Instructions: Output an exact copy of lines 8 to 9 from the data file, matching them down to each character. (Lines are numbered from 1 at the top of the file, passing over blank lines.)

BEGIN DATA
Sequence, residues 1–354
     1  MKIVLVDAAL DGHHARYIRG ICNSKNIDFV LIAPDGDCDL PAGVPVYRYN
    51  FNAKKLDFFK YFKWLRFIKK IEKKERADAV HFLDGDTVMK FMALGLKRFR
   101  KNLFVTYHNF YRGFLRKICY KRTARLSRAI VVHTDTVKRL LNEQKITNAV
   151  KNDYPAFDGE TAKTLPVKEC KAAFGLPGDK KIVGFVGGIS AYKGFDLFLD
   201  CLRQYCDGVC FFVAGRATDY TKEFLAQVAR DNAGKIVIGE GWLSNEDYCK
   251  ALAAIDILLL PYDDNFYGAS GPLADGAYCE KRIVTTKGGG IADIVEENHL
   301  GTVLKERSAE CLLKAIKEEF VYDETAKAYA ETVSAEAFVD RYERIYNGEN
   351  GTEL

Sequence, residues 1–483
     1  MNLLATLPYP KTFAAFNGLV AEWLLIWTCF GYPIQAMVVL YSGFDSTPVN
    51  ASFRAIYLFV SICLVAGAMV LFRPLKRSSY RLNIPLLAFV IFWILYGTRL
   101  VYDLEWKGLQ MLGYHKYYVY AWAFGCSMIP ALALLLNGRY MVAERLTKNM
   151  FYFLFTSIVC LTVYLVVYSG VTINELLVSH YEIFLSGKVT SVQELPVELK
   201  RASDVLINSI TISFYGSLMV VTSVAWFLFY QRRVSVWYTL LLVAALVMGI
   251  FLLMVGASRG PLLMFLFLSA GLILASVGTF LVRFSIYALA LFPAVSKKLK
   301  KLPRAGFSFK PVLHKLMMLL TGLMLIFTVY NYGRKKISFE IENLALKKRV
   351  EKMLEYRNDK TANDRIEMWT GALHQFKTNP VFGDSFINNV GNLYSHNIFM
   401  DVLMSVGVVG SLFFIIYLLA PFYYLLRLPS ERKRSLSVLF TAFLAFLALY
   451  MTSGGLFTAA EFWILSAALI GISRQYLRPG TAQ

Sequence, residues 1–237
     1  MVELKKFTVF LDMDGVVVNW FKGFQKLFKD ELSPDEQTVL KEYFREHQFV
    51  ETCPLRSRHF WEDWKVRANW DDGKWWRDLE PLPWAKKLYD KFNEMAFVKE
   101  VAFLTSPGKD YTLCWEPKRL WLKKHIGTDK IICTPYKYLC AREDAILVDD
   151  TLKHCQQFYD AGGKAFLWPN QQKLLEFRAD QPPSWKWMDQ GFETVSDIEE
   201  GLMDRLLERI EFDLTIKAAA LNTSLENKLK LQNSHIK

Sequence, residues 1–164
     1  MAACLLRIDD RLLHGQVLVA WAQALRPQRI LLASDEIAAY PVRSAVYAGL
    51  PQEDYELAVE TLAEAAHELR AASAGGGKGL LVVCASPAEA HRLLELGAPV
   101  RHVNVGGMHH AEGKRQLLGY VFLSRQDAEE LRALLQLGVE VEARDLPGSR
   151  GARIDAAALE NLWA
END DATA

   301  GTVLKERSAE CLLKAIKEEF VYDETAKAYA ETVSAEAFVD RYERIYNGEN
   351  GTEL